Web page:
Dr. Nyaquoi Kargbo, the Registrar General of the Liberia Medical and Dental Council (LMDC) who probed John F. Kennedy Memorial Center’s (JFKMC) handling of the death of Representative Edward Forh’s daughter, Nakita, told the Civil Law Court last Friday that doctors that refused to treat Nakita when she was taken to the hospital acted unethically.
“Nakita was taken to the hospital because she was finding it difficult to breathe so her family took her there to help stabilize her breathing condition, but the hospital refused to attend to her, because she was from New Kru Town community which at the time had suffered the worst of the Ebola outbreak. That assumption was completely wrong,” Dr. Kargbo claimed.
“Just to look at Nakita showing Ebola symptoms and assume that she was confirmed was not right on the part of the hospital authorities. They took the wrong decision to refuse her (leaving her) to die on their premises. This was an ethical breach,” he told the court.
The hospital claimed it was advised not to treat patients coming from New Kru Town, because the area was considered an Ebola epicenter; therefore treatment could be provided only when the patient presented an Ebola Treatment Unit (ETU) clearance.
Nakita Forh, who was asthmatic, was taken to JFK on September 26, 2014, to use its nebulizer (oxygen) to help stabilize her breathing condition, but was allegedly refused by the hospital’s authorities. She later died on the hospital compound, for which her father is seeking US$25 million as damages.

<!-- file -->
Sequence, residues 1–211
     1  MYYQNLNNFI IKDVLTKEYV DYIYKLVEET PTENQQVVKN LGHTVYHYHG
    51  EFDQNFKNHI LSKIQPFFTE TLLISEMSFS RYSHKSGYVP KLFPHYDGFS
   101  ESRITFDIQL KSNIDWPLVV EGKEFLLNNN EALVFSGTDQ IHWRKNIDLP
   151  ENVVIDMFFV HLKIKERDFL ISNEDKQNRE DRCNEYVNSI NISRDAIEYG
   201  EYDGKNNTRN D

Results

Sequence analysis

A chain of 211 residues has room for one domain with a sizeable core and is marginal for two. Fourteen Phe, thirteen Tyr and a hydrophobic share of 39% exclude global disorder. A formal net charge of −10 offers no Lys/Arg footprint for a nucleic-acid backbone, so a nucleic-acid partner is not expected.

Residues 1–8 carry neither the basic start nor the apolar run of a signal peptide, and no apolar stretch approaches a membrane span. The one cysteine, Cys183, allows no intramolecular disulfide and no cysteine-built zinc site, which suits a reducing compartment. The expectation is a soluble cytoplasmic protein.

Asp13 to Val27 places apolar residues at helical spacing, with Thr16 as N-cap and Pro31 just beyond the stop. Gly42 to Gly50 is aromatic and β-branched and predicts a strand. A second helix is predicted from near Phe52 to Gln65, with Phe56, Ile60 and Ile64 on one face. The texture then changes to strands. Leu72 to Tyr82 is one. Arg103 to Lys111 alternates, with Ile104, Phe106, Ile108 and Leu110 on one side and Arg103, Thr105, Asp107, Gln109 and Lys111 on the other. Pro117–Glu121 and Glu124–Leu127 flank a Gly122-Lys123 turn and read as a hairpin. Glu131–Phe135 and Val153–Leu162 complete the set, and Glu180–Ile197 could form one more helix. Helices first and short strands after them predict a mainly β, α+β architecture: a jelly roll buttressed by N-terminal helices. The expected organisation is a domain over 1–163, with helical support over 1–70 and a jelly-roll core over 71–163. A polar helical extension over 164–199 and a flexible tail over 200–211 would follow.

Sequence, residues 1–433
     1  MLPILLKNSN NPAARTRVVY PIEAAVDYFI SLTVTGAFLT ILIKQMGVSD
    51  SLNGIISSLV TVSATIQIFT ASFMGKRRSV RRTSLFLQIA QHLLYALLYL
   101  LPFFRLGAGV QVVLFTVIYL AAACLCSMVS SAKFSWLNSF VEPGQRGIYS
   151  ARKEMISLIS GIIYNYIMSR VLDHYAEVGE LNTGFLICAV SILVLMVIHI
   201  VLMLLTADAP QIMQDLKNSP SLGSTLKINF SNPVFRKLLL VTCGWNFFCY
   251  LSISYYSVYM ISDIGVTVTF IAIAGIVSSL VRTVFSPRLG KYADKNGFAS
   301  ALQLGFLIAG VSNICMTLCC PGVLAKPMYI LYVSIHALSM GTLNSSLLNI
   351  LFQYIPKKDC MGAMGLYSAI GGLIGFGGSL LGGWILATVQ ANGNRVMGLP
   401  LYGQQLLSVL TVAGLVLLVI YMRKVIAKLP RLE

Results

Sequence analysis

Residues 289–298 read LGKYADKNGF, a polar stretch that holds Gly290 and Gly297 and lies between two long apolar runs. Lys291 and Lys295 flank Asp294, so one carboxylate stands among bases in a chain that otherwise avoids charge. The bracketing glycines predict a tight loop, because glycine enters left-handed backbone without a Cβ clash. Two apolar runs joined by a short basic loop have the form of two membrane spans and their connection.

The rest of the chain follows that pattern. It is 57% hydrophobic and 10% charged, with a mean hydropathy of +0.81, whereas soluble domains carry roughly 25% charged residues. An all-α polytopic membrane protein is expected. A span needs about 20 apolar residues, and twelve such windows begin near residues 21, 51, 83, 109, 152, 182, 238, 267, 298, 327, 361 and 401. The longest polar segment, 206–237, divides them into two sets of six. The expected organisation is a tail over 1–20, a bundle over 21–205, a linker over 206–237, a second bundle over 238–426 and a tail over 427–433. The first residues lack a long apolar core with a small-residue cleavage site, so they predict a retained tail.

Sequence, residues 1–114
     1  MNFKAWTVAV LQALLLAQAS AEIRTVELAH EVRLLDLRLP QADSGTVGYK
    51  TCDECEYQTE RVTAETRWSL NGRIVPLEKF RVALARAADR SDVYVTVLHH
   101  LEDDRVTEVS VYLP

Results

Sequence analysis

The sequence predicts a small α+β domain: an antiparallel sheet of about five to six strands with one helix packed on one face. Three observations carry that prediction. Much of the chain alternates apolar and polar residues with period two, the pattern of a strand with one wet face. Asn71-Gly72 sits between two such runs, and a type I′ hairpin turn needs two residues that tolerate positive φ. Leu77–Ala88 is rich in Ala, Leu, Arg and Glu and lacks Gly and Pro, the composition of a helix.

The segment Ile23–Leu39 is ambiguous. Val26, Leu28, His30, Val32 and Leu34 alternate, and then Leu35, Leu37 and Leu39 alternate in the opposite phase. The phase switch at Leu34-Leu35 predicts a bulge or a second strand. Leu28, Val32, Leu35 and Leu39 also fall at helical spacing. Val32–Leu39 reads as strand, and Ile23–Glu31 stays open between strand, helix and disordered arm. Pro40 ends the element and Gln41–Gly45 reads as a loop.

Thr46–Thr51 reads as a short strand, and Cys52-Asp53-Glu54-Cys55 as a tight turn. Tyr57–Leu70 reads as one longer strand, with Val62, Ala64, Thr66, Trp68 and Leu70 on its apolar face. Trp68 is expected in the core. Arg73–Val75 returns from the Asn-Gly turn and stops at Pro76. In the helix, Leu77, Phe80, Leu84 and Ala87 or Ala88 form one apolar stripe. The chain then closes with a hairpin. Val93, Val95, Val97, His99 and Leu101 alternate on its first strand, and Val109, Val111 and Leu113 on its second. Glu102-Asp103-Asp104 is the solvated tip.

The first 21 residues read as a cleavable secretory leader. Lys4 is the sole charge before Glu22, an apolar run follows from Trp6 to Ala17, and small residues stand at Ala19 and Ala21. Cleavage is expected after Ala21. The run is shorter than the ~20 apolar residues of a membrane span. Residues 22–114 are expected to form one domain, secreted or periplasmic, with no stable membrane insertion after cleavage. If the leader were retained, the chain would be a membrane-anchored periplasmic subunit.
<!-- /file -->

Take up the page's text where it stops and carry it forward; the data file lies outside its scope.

Kargbo’s testimony on Friday stemmed from a summons based on a request from Forh’s legal team to have him appear to provide further explanation to the jury and the court.
Reacting to JFKMC’s ETU clearance requirement for treatment, Kargbo alleged that the ETU was intended to send suspected patients for treatment after conducting a physical examination.He said in Nakita’s case, the hospital did not follow the procedure.
“The decision was wrong and unethical,” he maintained. “The hospital had the appropriate accommodation to have tested Nakita, but they deliberately refused her the use of their respiratory equipment for her to survive,” Dr. Kargbo said.
He said if the hospital had observed that Nakita was suspected of carrying the Ebola virus, they should have quarantined her immediately and subsequently contacted the Ebola Response Team to take her to the ETU, which they also failed to do.
“Other health facilities like Duside in Firestone, SOS, tested patients and those patients that were confirmed were placed in holding centers until the response team came and took them to the ETU,” Kargbo clarified.
He continued: “JKFMC was well equipped and trained to contain the outbreak based on their public announcement after they shut down the hospital and reopened it.”
He added: “With hospitals like JFK, I don’t know why they refused Nakita, who only needed a nebulizer (oxygen) to live.”
He claimed that the hospital was in the wrong to let the girl die in such manner and condition.
Dr. Kargbo and another doctor only identified as Pewee was the pair that investigated several medical doctors of the JFK including its chief medical officer, Dr. Billy Johnson, Dr. David Okoru and nursing staff, and forwarded a recommendation for stern punishment against the doctors.
Kargbo’s committee indicated that the health workers were liable for Nakita’s death, which it described as “negligence.”
It was based on the committee’s report that Rep. Forh instituted a US$25 million lawsuit against the hospital for damages.
The case continues.